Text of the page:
Thursday, June 20, 2013


Carla Hall (co host on The Chew) said that Salt was like a box of compliments. If you don`t add any you won`t get any!
We can all agree that salt does make our dishes taste a whole lot tastier, but how much is too much? How can salt effect your goal to lose weight?  What if you have serious health issues, like high blood pressure or heart problems. What amount of salt is a healthy amount. Is there a healthy way that we can replace salt? Whether you are in good health or not, this post will shed some light on the salt debate.

Firstly I would like to say that this is a follow-up post to my Calories-In, Calories-Out article. If you are counting your calories and exercising you may want to consult my calorie chart by clicking here; 

Just how much salt should we be eating per day? According to the heart and stroke foundation; it is a very limited amount. Only 2300 mg per day (this amount may vary depending on your condition, be sure to ask your doctor about the amount of salt you should be eating per day). Which is equal to only one teaspoon.

How is an excessive amount of salt intake dangerous for us? Again, according to the Heart and Stroke foundation; eating foods with too much salt can increase the amount of blood in the arteries, raising blood pressure and increasing the risk of heart disease and stroke.

How can salt effect your weight-loss goals? While salt is not fattening; eating high amounts of salt can cause temporary weight gain. As salt permits the body to retain water. If we reduce our salt intake significantly, then the body releases water. Resulting in some weight loss. Also, if we do have a diet high in salt, it is usually because we are eating a lot of `processed foods.` These foods are typically high in fat content. Examples of processed foods are; fast foods, hot-dogs, chips, sliced cheese, and frozen dinners.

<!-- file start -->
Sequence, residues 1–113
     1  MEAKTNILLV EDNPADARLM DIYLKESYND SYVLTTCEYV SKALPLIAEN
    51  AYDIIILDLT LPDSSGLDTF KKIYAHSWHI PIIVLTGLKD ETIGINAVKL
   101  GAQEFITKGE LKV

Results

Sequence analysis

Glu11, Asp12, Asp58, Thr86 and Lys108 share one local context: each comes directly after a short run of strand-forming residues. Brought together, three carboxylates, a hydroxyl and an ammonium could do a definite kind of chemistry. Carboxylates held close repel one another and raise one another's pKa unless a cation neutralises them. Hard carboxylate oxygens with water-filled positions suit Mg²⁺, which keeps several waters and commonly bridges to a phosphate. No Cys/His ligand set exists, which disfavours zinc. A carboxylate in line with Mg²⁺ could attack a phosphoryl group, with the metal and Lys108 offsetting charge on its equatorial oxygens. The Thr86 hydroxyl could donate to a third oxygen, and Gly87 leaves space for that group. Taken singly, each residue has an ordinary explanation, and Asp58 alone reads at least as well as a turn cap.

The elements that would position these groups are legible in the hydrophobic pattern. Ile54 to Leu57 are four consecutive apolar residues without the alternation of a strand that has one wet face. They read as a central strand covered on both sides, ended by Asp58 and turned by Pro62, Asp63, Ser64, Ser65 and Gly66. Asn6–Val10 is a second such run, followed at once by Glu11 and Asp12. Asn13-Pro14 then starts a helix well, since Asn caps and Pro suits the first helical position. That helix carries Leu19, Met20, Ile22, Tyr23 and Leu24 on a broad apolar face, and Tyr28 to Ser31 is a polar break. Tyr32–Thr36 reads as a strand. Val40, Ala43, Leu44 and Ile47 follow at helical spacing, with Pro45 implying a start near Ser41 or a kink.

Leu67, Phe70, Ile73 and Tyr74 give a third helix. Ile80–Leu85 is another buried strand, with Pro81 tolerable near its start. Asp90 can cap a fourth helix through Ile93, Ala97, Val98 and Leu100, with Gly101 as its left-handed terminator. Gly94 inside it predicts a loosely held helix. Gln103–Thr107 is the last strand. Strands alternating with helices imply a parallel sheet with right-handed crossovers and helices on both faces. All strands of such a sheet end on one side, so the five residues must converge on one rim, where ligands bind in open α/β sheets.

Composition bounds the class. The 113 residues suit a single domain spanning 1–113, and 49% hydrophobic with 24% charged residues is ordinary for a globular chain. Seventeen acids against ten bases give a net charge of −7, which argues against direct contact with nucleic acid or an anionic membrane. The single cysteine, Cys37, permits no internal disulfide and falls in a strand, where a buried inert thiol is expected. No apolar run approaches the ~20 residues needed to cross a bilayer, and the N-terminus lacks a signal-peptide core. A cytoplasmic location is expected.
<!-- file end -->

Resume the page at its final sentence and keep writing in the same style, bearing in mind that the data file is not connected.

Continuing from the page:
Is it possible to replace salt all together? It seems that to stay healthy we actually need some salt. Salt helps to maintain the natural fluid balance in the body. So while we should not cut out salt completely from our diet, there does exist salt alternatives on the market. However, these should be used with caution;  because it has recently been reported that; salt substitutes may not be such a healthy choice after-all, as they contain way too much potassium chloride. This is extremely unhealthy for people with heart or kidney problems, or who are on certain medications. So whenever replacing salt with a substitute, always speak to your doctor first.

What are some things that we can do to reduce our salt intake? Here are just a few;
-Cut out processed foods. If you do buy processed, then be sure to read the labels. Because of the increase in health problems including strokes and high blood pressure. Many companies are now reducing the amount of salt they put in them. Slowly reduce processed foods until you can wipe them out all together.
-Remove the salt shaker from the table. If there is salt added to your dish while you cook, avoid adding more at the table.
-Eat healthier; meaning more fruits and veggies and follow the recommended food guide. You can find one here. Print it out and keep it visible in your home;

For more information on salt intake; sodium reduced recipes, shopping advice, etc. Here is the Heart and Stroke foundation website. Check it out.

Prevent heart disease, stroke, and high blood pressure now! Take control of your health today.
Update; I was recently sent this article on HIMALAYAN SALT. While I have not tried it yet, the benefits of it seem very good. Again before substituting your regular salt please seek medical advice first.  This is a very informative article. It mentions the dangers of regular salt which may include some of my points above as well as some new ones. It is worth the read.

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